Windows 10 can run on both, 32-bit and 64-bit hardware architectures. If you have a device running the 32-bit version, you can upgrade to the 64-bit version without purchasing a new license, but only when you have a compatible processor and enough memory. Also, there's not an in-place upgrade path to switch, which makes a clean installation of Windows 10 your only option.
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Although you can access virtually the same features using either architecture, you'll notice the benefits of the 64-bit version when the device can handle large amounts of memory (up to 2TB), instead of only 4GB, which is the limitation with 32-bit.
The ability to use more memory enables you to run several apps at the same time while keeping the device responsive, and you can run 64-bit as well as 32-bit applications. Also, and perhaps more important, it'll improve your productivity on memory demanding tasks. For instance, when rendering videos, working with virtual machines and opening tons of tabs on your web browser.
In this Windows 10 guide, we'll walk you through the steps to properly upgrade your device from 32-bit to the 64-bit version of Windows.
How to check if PC supports 64-bit version of Windows 10
Windows 10 64-bit is only available on compatible hardware. If your device is currently running the 32-bit version, before planning the upgrade, you must find out if your machine includes a 64-bit processor, a minimum of 2GB of system memory, and whether the rest of the hardware has 64-bit driver support.
Verifying 64-bit compatibility using Settings
To tell if the processor on your device supports the 64-bit version of Windows 10 with the Settings app, use these steps:
- Open Settings.
- Click on System.
- Click on About.
Under the 'Device specifications' section, check the System type details.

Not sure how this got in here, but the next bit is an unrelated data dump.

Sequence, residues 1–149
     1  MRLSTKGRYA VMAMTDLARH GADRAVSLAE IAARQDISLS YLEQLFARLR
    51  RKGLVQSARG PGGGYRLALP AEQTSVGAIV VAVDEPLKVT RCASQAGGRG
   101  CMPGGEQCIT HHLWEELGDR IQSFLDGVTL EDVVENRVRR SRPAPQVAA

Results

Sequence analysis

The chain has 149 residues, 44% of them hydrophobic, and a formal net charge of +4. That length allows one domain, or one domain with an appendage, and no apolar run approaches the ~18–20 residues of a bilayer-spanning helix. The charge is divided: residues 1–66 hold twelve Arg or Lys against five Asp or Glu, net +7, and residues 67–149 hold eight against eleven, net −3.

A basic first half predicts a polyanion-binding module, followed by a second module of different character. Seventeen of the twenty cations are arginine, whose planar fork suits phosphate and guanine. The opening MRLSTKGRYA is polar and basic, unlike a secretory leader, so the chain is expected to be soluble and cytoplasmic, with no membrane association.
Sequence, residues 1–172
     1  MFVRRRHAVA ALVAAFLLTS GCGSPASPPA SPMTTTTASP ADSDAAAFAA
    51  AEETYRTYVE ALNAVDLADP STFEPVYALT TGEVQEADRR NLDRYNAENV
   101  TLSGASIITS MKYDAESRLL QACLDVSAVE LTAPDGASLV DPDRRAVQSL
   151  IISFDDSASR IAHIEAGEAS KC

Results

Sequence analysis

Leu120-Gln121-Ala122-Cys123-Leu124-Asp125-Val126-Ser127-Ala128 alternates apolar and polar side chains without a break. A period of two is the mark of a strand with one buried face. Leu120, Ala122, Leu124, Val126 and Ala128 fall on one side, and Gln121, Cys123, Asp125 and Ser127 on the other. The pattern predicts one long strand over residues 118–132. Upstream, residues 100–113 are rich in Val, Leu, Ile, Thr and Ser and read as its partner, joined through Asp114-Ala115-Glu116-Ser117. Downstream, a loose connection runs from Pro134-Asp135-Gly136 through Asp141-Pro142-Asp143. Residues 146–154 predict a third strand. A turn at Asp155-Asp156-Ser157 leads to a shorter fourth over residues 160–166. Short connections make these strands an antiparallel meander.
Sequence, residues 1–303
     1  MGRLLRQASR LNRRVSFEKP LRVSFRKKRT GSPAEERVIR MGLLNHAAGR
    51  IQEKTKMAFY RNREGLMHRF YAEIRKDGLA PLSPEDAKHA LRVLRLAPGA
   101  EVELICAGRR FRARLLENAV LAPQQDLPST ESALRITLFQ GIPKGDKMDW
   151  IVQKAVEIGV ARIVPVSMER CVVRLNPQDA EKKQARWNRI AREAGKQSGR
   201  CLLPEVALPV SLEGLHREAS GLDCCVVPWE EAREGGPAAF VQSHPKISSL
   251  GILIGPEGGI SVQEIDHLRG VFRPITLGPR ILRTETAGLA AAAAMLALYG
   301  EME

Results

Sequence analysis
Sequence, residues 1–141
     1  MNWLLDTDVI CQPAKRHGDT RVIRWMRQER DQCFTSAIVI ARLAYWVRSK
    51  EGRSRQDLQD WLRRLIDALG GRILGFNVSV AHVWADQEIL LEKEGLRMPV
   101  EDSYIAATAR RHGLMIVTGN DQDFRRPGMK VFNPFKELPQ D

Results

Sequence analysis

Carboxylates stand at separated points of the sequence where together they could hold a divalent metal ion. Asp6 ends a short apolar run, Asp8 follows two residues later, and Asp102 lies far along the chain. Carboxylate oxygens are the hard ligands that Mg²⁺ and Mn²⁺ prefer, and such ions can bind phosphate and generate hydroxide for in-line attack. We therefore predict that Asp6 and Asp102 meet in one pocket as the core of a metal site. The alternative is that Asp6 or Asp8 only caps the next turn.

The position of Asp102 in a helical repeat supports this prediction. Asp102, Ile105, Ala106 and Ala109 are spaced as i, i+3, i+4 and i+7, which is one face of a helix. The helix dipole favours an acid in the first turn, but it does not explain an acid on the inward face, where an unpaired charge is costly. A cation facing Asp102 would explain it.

If 'System type' reads 32-bit operating system, x64-based processor, then your computer is running the Windows 10 32-bit version on a 64-bit processor. On the other hand, if it reads 32-bit operating system, x86-based processor, then your device doesn't support the 64-bit version of Windows 10.
While in the 'About' page, it's also a good idea to check and make sure that the device has at least 2GB of memory, which is the minimum requirement to use 64-bit.
In the case that your device isn't capable of running a 64-bit version, you should consider purchasing a newer device that meets the minimum system requirements.
Verifying CPU compatibility using Coreinfo
Although newer devices are certainly capable of running any version of Windows 10, if you have a device with older hardware, you want to ensure the four essential features are present:
- Physical Address Extension (PAE).
- No-eXecute (NX).
- Streaming SIMD Extensions 2 (SSE2).
- CMPXCHG16b (CX16).
To check if the processor includes these features, you can use the Microsoft Coreinfo command line tool with these steps:
- Open the Microsoft Sysinternals website.
Click the Download Coreinfo link.
- Right-click the Coreinfo.zip folder and select the Extract all option.
Click the Extract button.
Type the following command in the address bar, and press Enter to open Command Prompt in the folder location.
Type the following command and press Enter:
Open the search feature (Ctrl + F keyboard shortcut), and look for these features:
Once you complete the steps, you should know whether your processor can handle the upgrade to the 64-bit version of Windows 10.
The installation wizard should be able to detect any compatibility issues with the processor before proceeding with the installation, but the Coreinfo tool allows you to check these features ahead of time manually.
Verifying driver compatibility
In addition, it's a good idea to check if other components like graphics and sound cards are compatible with the 64-bit version of Windows 10.
If your computer is running a 32-bit version, but the hardware is only a few years old, there's a good chance that you'll find a 64-bit version of the drivers, but it's not always the case. To avoid surprises, it's recommended to check your device manufacturer support website to see if you can find 64-bit versions of the drivers.
How to upgrade from 32-bit to 64-bit version of Windows 10
While you're entitled to install the 32-bit or 64-bit version of Windows 10 with the same license, you can't perform an in-place upgrade. You must do a clean installation of Windows 10 to switch architectures.
Creating installation media